No more repeat of Bangalore incident: ICC chief
International Cricket Council chief Haroon Lorgat today condemned the violent clashes between fans and baton-wielding police over the shortage of public tickets for the India's showdown with England.
International Cricket Council chief (ICC) Haroon Lorgat on Saturday condemned the violent clashes between fans and baton-wielding police over the shortage of public tickets for the India's showdown with England.
"Those are scenes that we would not like to see. None of us would like to see that," ICC chief executive Lorgat told a press conference at the M Chinnaswamy Stadium.
Violence had erupted in Bangalore on Thursday after fans were told all 7000 tickets allocated for public sale for the 50,000-seat stadium sold out, sparking accusations by the ICC that its own president Sharad Pawar was guilty of mismanagement in the ticket distribution process.
While ruing that only a fraction of tickets were made available for public sale for Sunday's hotly-anticipated Group B showdown, Lorgat said it would be impossible to meet the demands of fans in a cricket-crazy country with a billion plus population.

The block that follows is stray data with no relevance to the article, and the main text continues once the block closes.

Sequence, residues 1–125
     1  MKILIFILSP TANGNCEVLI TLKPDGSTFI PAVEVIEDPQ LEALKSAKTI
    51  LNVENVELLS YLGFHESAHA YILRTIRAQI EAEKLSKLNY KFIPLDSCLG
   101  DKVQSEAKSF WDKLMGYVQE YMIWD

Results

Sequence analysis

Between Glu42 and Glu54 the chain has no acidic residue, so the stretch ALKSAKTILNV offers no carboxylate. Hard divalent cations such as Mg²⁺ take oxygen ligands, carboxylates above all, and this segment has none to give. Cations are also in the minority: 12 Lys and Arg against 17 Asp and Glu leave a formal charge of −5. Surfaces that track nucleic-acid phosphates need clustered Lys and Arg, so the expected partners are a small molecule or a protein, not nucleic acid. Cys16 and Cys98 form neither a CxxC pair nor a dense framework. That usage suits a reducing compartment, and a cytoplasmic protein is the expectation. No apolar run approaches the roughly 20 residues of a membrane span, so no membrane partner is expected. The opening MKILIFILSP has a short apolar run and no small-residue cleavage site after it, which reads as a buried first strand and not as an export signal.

"What is unfortunate is that too few go to the public as a general sale," he said.
"No matter what sort of capacity we provide the truths is that we won't have enough seats for the demand that we have on our hands.
"We need to find better ways to distribute tickets but the reality is that if tomorrow's match was at a 100,000 seater we'd still not have enough tickets to go and satisfy the public demands."
Ticket sales for the Feb. 19-April 2 tournament have proven to be a major headache for organisers as only a small quota for the major matches is being sold directly to the public while the rest are distributed among the ICC and clubs affiliated to the local cricket associations.
In a letter leaked to the media on Thursday, the ICC had said Pawar was "threaten(ing) to undermine" the whole tournament with the way tickets were being distributed in India.
On Saturday, Lorgat said that while the ICC's relationship with sponsors was not at 'breaking point' as mentioned in the letter, there were few issues ticket allocations.
"It's a strained issue," he said.
"There is no sponsor who wants to walk away. In fact we've got many that are wanting to come in."